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3. METHODOLOGICAL UNDERPINNINGS AND RESEARCH

identified and arranged access to all the key research participants based on extensive desk research on the role of respondents in their respective organisations and their engagement with SDGs processes in India and internationally. We were successful in arranging access to and conducting interviews with senior officials in the Indian CAG office, and particularly those who have been involved in the development and signing the India’s SDGs preparedness report. In addition, we successfully arranged access and conducted interviews with a wide range of respondents, including representatives of the UN agencies and civil society organisations that are working closely with and supporting the senior executives of the think tank responsible for developing policies and programmes on SDGs in India.

Our interview questions were guided by literature on SDGs, CSR in India, and public audit, although semi-structured questions allowed participants to discuss other

important aspects and supplementary questions that arose. Ethical approval was obtained from the appropriate committee at the authors’ university, and all interviews were recorded and transcribed before being analysed against the research question and concepts used. Pre- and post-interview reflections, frequent researcher meetings, and notes enhanced the quality of forthcoming interviews and subsequent analysis.

Table 1: Interviewee identifier and time

I# Organisational type Identifier # of

interviewees

Time

1 Agency1 NGO pushing for dialogic

democracy in

budget/accountability in India

3 71

mins

2 Agency2 SDG program specialist at UN agency in India

1 54

mins 3 NITI Aayog (Agency2

staff deputised)

Aspirational districts specialist

1 38

mins

4 Agency3 NGO pushing for dialogic

democracy in

legislation/accountability in India

1 76

mins

5 Office of the CAG Responsible team for SDG audit activity

9 65

mins 6 Office of the CAG Environmental audit

specialist

1 85

mins 7 Office of the CAG Environmental audit

specialist

1 66

mins 8 Office of the CAG Environmental audit

specialist

1 61

mins We chose India as a case study due to its democratic claims and credentials along with long standing constitutional institutions, active engagement with CSR and sustainability over many years (Arora & Puranik, 2004; Bergman et al., 2019), its active contribution (and influencing of) the development and finalisation of the global SDG agenda at the UN7, its claim of a strong and continuing commitment to SDGs,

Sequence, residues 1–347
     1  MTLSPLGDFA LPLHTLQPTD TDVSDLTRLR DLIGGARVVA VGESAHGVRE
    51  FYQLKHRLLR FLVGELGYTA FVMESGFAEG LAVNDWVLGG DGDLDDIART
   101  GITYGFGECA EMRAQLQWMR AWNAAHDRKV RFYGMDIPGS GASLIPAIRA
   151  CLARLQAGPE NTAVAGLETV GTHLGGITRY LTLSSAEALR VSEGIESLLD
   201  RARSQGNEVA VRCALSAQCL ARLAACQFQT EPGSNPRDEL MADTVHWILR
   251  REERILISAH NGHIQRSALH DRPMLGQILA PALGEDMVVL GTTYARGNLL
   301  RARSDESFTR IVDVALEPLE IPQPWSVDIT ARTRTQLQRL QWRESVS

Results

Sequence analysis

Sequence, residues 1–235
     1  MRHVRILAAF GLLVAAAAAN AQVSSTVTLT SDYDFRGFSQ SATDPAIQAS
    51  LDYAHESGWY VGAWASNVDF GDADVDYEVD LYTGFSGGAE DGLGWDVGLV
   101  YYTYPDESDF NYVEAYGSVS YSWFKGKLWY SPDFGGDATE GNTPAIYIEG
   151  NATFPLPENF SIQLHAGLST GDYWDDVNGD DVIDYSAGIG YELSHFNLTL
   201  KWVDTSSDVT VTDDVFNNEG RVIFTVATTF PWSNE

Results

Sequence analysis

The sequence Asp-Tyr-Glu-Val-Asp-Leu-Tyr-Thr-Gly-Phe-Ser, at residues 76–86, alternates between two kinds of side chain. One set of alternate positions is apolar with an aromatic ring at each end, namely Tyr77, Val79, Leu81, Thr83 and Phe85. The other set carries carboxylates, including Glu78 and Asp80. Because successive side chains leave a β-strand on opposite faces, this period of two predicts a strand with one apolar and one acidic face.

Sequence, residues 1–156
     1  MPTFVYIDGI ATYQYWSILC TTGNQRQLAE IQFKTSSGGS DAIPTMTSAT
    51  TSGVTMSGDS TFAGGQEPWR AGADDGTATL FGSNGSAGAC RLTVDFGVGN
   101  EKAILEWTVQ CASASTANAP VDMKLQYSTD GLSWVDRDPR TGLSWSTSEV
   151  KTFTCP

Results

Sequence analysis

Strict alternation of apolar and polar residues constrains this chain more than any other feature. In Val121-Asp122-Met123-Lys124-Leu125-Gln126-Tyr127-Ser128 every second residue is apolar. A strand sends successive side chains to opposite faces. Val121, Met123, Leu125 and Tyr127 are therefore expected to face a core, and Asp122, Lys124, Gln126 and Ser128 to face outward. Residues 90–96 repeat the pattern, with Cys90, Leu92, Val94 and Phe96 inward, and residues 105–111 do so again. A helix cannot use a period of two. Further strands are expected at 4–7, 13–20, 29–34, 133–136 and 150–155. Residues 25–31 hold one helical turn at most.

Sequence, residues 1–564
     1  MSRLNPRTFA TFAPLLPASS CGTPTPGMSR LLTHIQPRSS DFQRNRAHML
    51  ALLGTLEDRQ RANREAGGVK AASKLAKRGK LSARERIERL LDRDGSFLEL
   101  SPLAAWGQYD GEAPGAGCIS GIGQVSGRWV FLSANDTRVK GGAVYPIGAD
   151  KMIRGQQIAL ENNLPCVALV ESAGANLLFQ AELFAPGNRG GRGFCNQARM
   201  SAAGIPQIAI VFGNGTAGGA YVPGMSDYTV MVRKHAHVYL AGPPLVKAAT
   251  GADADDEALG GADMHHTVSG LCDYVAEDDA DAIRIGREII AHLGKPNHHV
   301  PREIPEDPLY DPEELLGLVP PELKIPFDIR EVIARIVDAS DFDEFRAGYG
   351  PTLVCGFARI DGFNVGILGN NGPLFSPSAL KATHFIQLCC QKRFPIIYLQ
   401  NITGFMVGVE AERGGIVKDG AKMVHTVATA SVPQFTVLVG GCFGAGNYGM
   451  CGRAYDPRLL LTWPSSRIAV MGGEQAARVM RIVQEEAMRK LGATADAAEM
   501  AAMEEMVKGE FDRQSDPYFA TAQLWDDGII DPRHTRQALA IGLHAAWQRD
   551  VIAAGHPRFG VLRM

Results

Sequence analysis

7 India was member of a 30-member Open Working Group (OWG) constituted by the UN General Assembly in 2013 for preparing a proposal on the SDGs and proactively contributed and shaped the development and finalization of SDGs.

and the Indian CAG’s focus on contributing to and encouraging audits of SDG initiatives globally (Inamdar & Dadhe, 2017) (see next section). Although the World Bank ranks India as a lower-middle-income country, it has grown considerably in the last three decades.8 Nevertheless, while since 1990, the percentage of the population at the national poverty line has halved (from 45.3% to 21.9%), in the same period, the percentage of income share held by the lowest 20% of the population has reduced from 8.9% to 8.1%. Income disparity remains high, and a local Indian umbrella NGO, Wada Na Todo Abhiyan (WNTA) (2017), notes the societal marginalisation of the poor and other groups discriminated against. Further, despite improvements, India retains a corruption perception index of 40/100, placing it 86/180 on Transparency International’s list.9 Nevertheless, the Government’s Strategy for India@75 (2022 is the 75th anniversary of India’s independence as a nation) (NITI Aayog, 2018) states an intention to eradicate corruption by improving financial and non-financial reporting and auditing systems. India also struggles with poor environmental performance as evidenced in its role in reducing the COP-26 goals regarding coal use.10

While India’s national government is committed to achieving the SDGs, it

acknowledges this demands support from all levels of government, private sector, and civil society (Lok Sabha Secretariat, 2017). Thus, as shown in Figure 1, it established a Think Tank – the National Institution for Transforming India, Government of India (NITI Aayog) to collaborate with the Ministry of Statistics and Programme

Implementation (MoSPI), map ministries and relevant SDG schemes to develop a vision, strategic and action plans (See Figure 1 and 2). India is a federal republic with state and local government structures beneath the central government (this includes 28 states and 8 union territories, further disaggregated into more than 700 districts and 664,369 villages, as of 2019). Each state/union territory (UT) operates a legislature with a degree of autonomy. However, states/UTs are encouraged to work in the national interest while also working in their local interests by operating in a